Wednesday, May 13, 2015

For Iphigenia (the Bacchus at Phelloe)

The house was built in Appalachian style,
No foundation or frame,
But windows cut from walls nailed to the sill,
On crude upright sandstone.

I thought of it in Aiges, ancient Aegira, which Homer called Hyperesia,
Where, in sight of Parnassus, realm of Apollo,
And of landslides from erosion, an old woman in living memory kept gardens
Behind a cottage built on Mycenaean walls.

It became Aegira, the city of goats, when the Hyperesians, facing war, drove
“Together all the goats that were in their land, and binding torches on their horns,
Enkindled them when the night was far advanced.”
The invaders fled before the river of lights.

That is Pausanias, travel writer for Roman tourists.
He goes on,  “where the most beautiful goat,
The leader of the rest, laid himself down,
They raised a temple of Diana, the Huntress.”

Pausanias notes fine statues of Jupiter and Apollo,
Serapis and Isis,
And an old statue in Diana’s temple, which the locals said
Was Iphigenia, Agamemnon's daughter,
Trades to the gods for a fair wind.

He reports a straight road from Aegira to Phelloe,
“An obscure little town, not constantly inhabited,”
With oak-trees, stags, and wild boars.
I scrambled uphill an hour through pasture, sometimes running,
To the base of Phelloe's acropolis, now just stone on stone,
And apple trees in the agora.
There were goats on the lower slopes, passing to the north.
A huge mastiff kept me back from them.  Their bells mapped them for miles.

The theater at Aegira was cut into stone, fronting Parnassus.
Today its bleacher seats are gulley-washes. 
The front rows hold, and the flagstone of the stage.

Carrying even a pebble from these places is a crime, heavy as drug-smuggling.
The Austrian School excavates a few weeks every summer.
Andreas the goat-herd, who helped them out for cash,
Reports the work is very slow, and not at all like digging.

I smuggled back a ram’s horn from his pastures,
Half-twisted and very dark.

The Bacchus at Phelloe was covered in vermilion.

Tuesday, May 12, 2015

Strange, Familiar Landscapes: Where the Gods and Spirits (might) Live

            A week in Greece, much of it in the Peloponnesian countryside, showed me something about what landscapes do to the mind.  I thought all the time of the gods and spirits that were supposed to have animated the peaks, forests, and streams.  Their presence was much easier to accept than where I spend most of my time.  I don’t think it was just the stories.  It was also the shape of the place.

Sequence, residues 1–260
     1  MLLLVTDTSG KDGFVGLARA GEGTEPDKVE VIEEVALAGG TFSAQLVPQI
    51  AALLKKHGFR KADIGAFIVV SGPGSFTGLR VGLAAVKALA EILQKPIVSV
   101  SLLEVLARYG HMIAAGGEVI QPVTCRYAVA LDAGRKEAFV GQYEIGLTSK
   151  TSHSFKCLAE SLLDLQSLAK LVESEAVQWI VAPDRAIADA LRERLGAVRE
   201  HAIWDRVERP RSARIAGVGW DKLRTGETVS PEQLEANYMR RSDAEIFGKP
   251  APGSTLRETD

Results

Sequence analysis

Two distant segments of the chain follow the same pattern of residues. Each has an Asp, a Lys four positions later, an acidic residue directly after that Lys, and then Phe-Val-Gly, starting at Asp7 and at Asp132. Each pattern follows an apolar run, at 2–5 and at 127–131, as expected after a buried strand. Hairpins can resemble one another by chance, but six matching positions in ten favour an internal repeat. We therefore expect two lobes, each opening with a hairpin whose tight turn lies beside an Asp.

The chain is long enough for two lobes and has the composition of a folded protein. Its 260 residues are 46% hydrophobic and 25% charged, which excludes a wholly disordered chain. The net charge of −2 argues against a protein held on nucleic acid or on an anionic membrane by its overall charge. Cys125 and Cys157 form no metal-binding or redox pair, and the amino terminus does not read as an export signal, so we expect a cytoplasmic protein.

The instinct that gods live in high places seems intuitive in a terrain with steep, treacherous, almost unscaleable slopes that open up into broad terraces and generous mountaintops, level meadows shaped for revels.  Almost like an apartment building, the land has many stories, some hard to reach from others.  Above the village where we stayed was a sheer cliff, which I would estimate at a thousand feet high.  Why would there not be a life up there, inaccessible but imaginable, as there was a life on the hilltop acropolis of each ancient city of women and men?

            And the spirits?  I have never seen a place with such intense microclimates – not even coastal California, which comes close.  A slot canyon rips a cool, dusky, lush line into an arid and barbed mountainside.  Surrounded by dry pines, backed that thousand-foot cliff, a tumbling vertical stream throws out a fan of hanging grasses, then comes to ground at the roots of big, gnarled figs and planetrees (also called sycamore maples).

            It reminded me of the Banias, so named by Roman occupiers for Pan, a river cleft at the base of the Golan Heights in northern Israel.  In the spring, cold, blue-tinted meltwater races through a green, heavily shadowed rent in a near-desert baked in gold Mediterranean light.  Where a blade of that gold slices between wood and leaves and strikes the water, two worlds meet.

            This kind of anomaly is a place for spirits.  It’s a product of a place vitally unlike itself, always generating its own exceptions.   It’s a home for something of the place yet not entirely of the world – a dryad, say, or river spirit.

            In the modern west, the aesthetics of nature generally comes down to two categories.  One is beauty, the quality of a restful and regular place – a lovely farming landscape, for instance.  The other is sublimity, the half-frightening, half-elevating power of huge, alien nature: a volcano, a whirlpool, the ocean in a storm, lightning in the Sierra Nevada.

            It occurs to me that sublimity, in particular, is a monotheist idea: that there is one vast, brooding spirit in the world, whose unknowable power we glimpse in its display.  Sublimity is the Book of Job.  Most American parks, uninhabited sites of pilgrimage to vast and impersonal places, are terrains of monotheistic awe.

            The animated landscapes I’ve been thinking of fall into a third aesthetic category: the uncanny, the place we aren’t sure what to make of, which may or may be looking back at us with eyes like, but also unlike, ours.  With a mind like, but also unlike, ours. 
These are the landscapes of the strange familiar, where we recognize ourselves but are also frightened and baffled.  They are inhabited, personal, vital, and alien, all at once.  Animist, pagan places, they have a variegated vitality that fills me as I race and stumble across them, trying to reach the next strange grove.